TORONTO -- There is, quite simply, no feeling like representing one's country. There is no feeling like pulling a sweater over one's head with the colors or the crest or the flag. That is what young hockey dreams are made of, from Sweden and Finland to Norway, from Canada and the United States all the way to Slovenia.
Team Europe, well, playing for Team Europe is not exactly that.
That is not to denigrate the concept of playing for Team Europe, a composite team made up of players from eight European nations not including Russia, Sweden, Finland, or the Czech Republic, especially for players like Mats Zuccarello, whose Norwegian team would have little chance of staging an upset in the sort of best-on-best tournament represented by the World Cup of Hockey 2016.
But it does not feel the same. It just doesn't.
"In a perfect world, you would want to have your own country play in this tournament, but unfortunately the reality is that we don't have as many NHL players as we used to," said Marian Gaborik, whose Slovakia team could have, in the past, been considered good enough to get its own slot in this tournament.
"So they created this concept and I think we've gotten used to it. I think we treat it like an NHL team, which you have lots of different nationalities in an NHL team, as well."
The comparison seems apt. Most players have no real allegiance to their NHL clubs - outside of an outlier like, say, Boston-bred Jimmy Hayes with the Boston Bruins - when they are drafted or sign. That allegiance might grow over years of play, from friendships with teammates and true love of a city and, perhaps, a sense of history. But it is not there to start, it is not all-consuming, not like it is with one's country.
"This is a new team, you kind of don't look at it as a national team," Zuccarello said. "It's a fun team - we're just here to have fun, you know? Play good hockey and do our best and have fun. I think that's what we can really get out of it.
"Just cherish the moment, that this is our chance to play in a tournament like this. Hopefully one day Norway will be in this tournament, but as of right now it's hard for us to fight with the big dogs. I think it's cool for us to be representing Team Europe and be a part of this big tournament."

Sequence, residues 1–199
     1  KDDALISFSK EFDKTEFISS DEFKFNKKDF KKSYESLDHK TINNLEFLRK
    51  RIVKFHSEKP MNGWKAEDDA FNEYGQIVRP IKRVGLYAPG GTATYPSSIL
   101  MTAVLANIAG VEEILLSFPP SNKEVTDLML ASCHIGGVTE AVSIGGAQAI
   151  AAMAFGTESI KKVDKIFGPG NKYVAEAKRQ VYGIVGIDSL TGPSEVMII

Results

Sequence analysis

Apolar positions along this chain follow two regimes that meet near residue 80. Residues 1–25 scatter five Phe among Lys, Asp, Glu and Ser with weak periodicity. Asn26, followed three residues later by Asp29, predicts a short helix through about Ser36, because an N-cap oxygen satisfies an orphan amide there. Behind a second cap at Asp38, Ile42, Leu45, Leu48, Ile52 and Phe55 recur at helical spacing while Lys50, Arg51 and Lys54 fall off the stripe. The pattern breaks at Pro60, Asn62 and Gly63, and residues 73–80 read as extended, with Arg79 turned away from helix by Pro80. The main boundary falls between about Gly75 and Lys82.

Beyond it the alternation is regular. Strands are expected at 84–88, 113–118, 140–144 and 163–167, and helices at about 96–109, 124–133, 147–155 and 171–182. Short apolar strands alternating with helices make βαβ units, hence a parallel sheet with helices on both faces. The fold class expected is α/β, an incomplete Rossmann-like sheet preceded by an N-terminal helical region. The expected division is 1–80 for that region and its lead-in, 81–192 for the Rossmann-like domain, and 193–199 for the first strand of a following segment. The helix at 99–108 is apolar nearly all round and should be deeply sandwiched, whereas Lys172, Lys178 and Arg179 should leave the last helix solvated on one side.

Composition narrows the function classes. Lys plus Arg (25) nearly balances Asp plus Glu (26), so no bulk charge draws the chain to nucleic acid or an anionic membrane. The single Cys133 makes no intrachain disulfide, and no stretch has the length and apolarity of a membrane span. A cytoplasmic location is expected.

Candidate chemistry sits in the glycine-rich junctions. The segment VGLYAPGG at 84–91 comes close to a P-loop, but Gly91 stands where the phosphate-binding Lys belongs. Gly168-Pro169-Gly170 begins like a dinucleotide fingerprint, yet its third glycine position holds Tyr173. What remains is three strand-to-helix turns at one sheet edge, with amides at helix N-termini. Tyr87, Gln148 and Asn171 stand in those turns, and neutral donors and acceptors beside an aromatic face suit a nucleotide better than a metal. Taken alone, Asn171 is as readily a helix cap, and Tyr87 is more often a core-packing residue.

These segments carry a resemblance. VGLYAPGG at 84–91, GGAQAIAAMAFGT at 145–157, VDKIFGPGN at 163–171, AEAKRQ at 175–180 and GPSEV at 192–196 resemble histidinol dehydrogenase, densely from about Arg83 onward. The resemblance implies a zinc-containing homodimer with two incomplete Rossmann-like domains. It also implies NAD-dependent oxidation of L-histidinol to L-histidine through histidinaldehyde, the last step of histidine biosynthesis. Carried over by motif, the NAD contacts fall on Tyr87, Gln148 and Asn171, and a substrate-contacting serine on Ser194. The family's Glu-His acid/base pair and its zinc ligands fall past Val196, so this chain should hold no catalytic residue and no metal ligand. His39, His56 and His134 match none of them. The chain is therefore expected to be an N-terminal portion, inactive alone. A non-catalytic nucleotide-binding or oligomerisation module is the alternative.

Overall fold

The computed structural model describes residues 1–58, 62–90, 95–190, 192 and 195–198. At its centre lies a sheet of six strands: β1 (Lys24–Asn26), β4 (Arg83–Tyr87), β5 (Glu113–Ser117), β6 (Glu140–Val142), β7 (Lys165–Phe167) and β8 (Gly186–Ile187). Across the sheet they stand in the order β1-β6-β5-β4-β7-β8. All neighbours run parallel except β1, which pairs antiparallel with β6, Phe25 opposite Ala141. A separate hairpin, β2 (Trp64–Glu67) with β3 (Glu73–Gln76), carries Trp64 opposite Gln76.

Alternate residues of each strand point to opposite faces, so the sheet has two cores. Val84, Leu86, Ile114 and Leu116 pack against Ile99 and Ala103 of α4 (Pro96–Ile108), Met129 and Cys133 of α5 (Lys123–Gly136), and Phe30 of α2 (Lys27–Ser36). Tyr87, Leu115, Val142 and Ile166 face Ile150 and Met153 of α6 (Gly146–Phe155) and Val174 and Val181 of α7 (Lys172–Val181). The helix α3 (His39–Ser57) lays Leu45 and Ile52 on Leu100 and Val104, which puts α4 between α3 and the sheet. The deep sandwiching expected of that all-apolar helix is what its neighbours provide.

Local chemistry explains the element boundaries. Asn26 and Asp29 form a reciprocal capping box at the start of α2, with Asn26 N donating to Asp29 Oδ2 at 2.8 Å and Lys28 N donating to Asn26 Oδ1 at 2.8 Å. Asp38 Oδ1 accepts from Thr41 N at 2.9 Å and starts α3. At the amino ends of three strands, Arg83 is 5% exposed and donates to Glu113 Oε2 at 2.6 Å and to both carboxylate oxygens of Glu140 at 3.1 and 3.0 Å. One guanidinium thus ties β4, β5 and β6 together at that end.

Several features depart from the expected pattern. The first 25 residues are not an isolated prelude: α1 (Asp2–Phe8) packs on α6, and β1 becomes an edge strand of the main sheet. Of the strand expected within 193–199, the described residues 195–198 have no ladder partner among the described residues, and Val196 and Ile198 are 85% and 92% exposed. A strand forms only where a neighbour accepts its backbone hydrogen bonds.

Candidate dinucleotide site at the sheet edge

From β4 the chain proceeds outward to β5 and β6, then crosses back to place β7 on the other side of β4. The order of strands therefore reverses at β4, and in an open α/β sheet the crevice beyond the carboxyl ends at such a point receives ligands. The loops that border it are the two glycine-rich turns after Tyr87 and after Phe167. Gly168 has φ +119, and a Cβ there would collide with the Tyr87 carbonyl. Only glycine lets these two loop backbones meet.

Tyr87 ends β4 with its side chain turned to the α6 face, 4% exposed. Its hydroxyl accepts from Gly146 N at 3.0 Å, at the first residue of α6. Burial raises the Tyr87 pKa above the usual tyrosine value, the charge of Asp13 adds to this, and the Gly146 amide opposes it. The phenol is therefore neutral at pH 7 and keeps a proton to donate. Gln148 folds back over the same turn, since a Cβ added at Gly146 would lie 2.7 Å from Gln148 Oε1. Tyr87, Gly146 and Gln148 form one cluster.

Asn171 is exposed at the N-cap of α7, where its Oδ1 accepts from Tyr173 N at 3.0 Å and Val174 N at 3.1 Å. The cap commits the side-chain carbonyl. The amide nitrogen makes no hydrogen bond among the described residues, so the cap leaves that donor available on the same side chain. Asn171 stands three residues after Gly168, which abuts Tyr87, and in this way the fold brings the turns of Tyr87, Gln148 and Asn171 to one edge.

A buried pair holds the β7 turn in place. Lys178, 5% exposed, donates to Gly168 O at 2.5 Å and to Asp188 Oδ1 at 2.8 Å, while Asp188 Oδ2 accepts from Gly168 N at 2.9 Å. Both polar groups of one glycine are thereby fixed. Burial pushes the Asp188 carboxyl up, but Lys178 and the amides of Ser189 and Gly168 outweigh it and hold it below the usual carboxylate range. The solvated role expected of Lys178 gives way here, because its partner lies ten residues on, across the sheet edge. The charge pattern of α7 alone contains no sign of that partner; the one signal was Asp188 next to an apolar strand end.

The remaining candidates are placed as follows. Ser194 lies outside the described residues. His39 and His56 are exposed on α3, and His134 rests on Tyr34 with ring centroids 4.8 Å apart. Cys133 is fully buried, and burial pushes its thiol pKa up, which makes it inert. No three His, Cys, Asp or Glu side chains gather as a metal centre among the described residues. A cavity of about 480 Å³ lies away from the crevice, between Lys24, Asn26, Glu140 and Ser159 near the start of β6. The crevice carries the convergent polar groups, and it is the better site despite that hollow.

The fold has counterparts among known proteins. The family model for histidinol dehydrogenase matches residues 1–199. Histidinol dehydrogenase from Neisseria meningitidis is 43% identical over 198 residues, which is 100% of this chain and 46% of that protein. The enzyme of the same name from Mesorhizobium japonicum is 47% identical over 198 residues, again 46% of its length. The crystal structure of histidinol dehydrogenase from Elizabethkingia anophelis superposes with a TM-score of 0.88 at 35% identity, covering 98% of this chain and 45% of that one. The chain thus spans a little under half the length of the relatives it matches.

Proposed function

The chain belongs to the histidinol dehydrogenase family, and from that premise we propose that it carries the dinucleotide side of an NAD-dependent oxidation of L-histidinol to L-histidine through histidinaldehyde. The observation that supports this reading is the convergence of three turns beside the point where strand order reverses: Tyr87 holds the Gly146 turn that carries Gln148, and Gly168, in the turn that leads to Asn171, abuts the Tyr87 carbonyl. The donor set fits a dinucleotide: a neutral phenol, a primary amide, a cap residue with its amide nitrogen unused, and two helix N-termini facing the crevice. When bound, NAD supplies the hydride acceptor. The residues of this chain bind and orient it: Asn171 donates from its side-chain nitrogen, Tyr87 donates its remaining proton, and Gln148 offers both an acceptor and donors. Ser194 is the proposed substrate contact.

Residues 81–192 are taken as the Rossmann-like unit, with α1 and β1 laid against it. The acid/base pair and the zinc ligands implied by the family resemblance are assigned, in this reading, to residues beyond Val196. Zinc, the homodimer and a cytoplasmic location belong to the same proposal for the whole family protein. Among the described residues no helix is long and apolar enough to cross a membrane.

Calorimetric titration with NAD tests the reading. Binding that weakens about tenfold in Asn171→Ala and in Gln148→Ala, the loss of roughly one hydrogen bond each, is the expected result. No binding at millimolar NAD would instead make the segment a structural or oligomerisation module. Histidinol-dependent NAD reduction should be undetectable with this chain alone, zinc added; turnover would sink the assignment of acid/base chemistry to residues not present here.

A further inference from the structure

Where, now, Team Europe will be playing in the semifinals against Team Sweden on Sunday (1 p.m. ET; ESPN, CBC, TVA Sports). And the players have a chance to defeat their opponent, which Norway would not. Though Team Sweden will be favored against Team Europe, the latter has actually defeated the former already in this tournament, in the third game of the pretournament slate, back when no one exactly knew what this Team Europe could or would be.
Or how it would feel to play for it.
For some, this feeling is not an abstract conception. It is very real and very recent. Eleven of the players - from Denmark, Slovenia, Germany, Norway, and France - on the team's roster came to the World Cup of Hockey directly from Olympic qualifying, where Germany, Slovenia, and Norway clinched a spot in the 2018 PyeongChang Games.
"It's a little bit different," Team Europe center Anze Kopitar said, reflecting back on the experience of playing in qualifying games. "Obviously qualifying for the Olympics, it's a big thing. … Our country (Slovenia) really is a nation of 135 registered players that we can scrap up. For us to qualify again for the Olympics, I think that's a huge thing.
"And then, if I can compare it to this, nobody likes to lose obviously, so coming here we wanted to, in some way, showcase ourselves that this can work, that we're not just here to be three-and-out."
Which is something that, unfortunately, so many of these players from smaller countries, from non-hockey powers, are all too familiar with. As Team Europe coach Ralph Krueger said, "These are eight nations that are used to playing for relegation at world tournaments and trying to avoid that." But not in this tournament, where Team Europe has surprised to make it through the preliminary round.
Still, even with little hope in some of those tournaments, there's something bigger that they're playing for, their homelands and their hometowns, their colors and histories. The World Cup is not the same, and yet there is still an element of that, still some of the feeling that comes from international best-on-best competition.
"It feels like you're playing for a club team," Zuccarello said. "At the same time when you're out there you're playing against a national team and you have your country's flag on your shoulders and I think that's really special too.
"It's kind of a mixed feeling, but I think everyone appreciates being here. This is a chance to be here and I think we all want to take this as a really cool thing. We had a really fun time being here and hopefully we're going to enjoy it for a little bit more."
So, no, it doesn't feel the same as playing for their countries. The joy is not the same. The determination is not the same. The pride is not the same. That doesn't mean it's lacking, just that it's different. And in that difference is opportunity, opportunity that they wouldn't otherwise get. So, sure, this is not like putting on a Norway jersey.
But, as Zuccarello said, "This is our chance."